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It was in the fall of 1941 that the question of atomic energy was first brought directly to my attention. At that time President Roosevelt appointed a committee to advise him on nuclear fission. The policy adopted and steadily pursued by the president and his advisers was a simple one: to spare no effort in securing the earliest possible successful development of an atomic weapon. All of us of course understood the terrible responsibility involved in our attempt to unlock the doors to such a devastating weapon; President Roosevelt spoke to me many times of his own awareness of the catastrophic potentialities of our work. But we were at war, and the work must be done.

The exact circumstances in which that weapon might be used were unknown to any of us until the middle of 1945. The principal political, social, and military objective of the United States that summer was the prompt and complete surrender of Japan. Only the complete destruction of her military power could open the way to lasting peace.

Because of the importance of the atomic mission against Japan, the detailed plans were brought to me by the military staff for approval. With President Truman’s warm support I struck off the list of suggested targets the city of Kyoto. Although it was of considerable military importance, it had been the ancient capital of Japan and was a shrine of art and culture. I approved four other targets.

Hiroshima was bombed on August 6, and Nagasaki on August 9. These two cities were active parts of the Japanese war effort. One was an army center; the other was naval and industrial.

After a prolonged Japanese cabinet session in which the deadlock was broken by the emperor himself, the offer to surrender was made on August 10. All the evidence I have seen indicates that the controlling factor in the decision to accept our terms of surrender was the atomic bomb. The atomic bomb was more than a weapon of terrible destruction; it was a psychological weapon.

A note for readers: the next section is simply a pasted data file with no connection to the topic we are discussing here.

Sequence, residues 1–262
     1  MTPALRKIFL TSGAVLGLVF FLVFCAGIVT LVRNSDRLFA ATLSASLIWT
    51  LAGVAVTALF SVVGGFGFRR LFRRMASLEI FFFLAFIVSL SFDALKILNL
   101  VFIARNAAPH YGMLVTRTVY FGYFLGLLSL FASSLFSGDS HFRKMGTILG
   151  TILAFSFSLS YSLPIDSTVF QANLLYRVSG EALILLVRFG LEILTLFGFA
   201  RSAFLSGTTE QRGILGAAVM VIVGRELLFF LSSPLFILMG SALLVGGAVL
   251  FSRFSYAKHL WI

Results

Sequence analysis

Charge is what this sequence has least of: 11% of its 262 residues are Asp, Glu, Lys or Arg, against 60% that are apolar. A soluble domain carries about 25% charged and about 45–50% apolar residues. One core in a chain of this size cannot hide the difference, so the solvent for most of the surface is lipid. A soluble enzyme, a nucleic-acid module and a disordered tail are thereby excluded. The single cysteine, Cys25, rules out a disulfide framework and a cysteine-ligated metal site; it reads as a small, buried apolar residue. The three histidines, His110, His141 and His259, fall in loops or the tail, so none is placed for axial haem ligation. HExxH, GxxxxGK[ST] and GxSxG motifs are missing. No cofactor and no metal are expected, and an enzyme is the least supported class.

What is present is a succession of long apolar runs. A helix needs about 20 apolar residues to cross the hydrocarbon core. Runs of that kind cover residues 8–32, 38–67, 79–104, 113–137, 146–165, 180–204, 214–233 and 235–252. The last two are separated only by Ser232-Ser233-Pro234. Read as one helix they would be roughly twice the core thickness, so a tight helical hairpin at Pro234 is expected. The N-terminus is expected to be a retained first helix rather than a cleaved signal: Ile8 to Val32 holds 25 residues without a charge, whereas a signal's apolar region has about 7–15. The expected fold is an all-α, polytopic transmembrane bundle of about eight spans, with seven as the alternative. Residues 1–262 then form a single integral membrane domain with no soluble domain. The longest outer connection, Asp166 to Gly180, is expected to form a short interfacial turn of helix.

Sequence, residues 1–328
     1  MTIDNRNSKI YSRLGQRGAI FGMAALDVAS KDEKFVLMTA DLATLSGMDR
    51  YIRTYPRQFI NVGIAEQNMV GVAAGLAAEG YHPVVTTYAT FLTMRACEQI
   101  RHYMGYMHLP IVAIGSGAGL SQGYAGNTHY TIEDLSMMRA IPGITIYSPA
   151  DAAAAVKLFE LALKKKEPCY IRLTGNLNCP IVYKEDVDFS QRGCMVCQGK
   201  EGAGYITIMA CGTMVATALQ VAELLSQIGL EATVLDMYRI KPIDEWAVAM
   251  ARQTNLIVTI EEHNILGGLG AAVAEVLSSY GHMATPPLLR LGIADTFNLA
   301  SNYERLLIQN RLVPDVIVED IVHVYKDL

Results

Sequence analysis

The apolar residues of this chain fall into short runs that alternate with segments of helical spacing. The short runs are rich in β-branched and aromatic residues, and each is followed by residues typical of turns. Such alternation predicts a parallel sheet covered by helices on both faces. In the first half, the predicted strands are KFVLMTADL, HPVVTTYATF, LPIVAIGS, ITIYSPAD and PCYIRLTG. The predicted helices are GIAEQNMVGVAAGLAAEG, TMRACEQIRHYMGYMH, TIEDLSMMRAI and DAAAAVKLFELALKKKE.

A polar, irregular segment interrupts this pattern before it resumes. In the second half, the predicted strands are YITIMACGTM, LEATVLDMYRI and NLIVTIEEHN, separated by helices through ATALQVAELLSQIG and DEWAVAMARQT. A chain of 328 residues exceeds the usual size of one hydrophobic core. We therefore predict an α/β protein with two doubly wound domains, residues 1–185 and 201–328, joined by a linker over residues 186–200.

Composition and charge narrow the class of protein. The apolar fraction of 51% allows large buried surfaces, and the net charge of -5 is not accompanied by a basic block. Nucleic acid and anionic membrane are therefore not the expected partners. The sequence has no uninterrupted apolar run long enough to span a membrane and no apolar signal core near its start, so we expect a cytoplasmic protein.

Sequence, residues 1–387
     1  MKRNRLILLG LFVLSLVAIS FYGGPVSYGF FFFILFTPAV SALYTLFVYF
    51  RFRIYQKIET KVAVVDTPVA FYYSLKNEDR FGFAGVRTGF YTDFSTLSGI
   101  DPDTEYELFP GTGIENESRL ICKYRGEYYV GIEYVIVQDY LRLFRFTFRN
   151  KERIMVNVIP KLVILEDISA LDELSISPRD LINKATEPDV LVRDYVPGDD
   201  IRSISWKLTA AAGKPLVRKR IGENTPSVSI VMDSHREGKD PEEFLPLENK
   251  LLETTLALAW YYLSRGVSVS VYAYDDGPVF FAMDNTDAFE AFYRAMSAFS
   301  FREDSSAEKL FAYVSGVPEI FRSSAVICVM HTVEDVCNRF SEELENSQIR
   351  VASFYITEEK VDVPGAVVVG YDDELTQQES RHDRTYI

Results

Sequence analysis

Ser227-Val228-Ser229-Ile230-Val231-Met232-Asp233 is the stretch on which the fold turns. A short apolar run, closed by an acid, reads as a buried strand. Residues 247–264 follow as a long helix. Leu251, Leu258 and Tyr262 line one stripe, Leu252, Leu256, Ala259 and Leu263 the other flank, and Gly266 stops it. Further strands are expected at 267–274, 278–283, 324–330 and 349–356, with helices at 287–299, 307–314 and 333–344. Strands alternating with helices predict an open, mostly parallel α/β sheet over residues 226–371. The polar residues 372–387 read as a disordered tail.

As I look back over the five years of my service as secretary of war, I see too many stern and heartrending decisions to be willing to pretend that war is anything else than what it is. The face of war is the face of death; death is an inevitable part of every order that a wartime leader gives. The decision to use the atomic bomb was a decision that brought death to over a hundred thousand Japanese. No explanation can change that fact and I do not wish to gloss it over. But this deliberate, premeditated destruction was our least abhorrent choice. The destruction of Hiroshima and Nagasaki put an end to the Japanese war. It stopped the fire raids, and the strangling blockade; it ended the ghastly specter of a clash of great land armies.

In this last great action of the Second World War we were given final proof that war is death. War in the twentieth century has grown steadily more barbarous, more destructive, more debased in all its aspects. Now, with the release of atomic energy, man’s ability to destroy himself is very nearly complete. The bombs dropped on Hiroshima and Nagasaki ended a war. They also made it wholly clear that we must never have another war. This is the lesson men and leaders everywhere must learn, and I believe that when they learn it they will find a way to lasting peace. There is no other choice.

From “The Decision to Use the Atomic Bomb,” which appeared in the February 1947 issue of Harper’s Magazine. The complete essay — along with the magazine’s entire 167-year archive — is available online at

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March 1946

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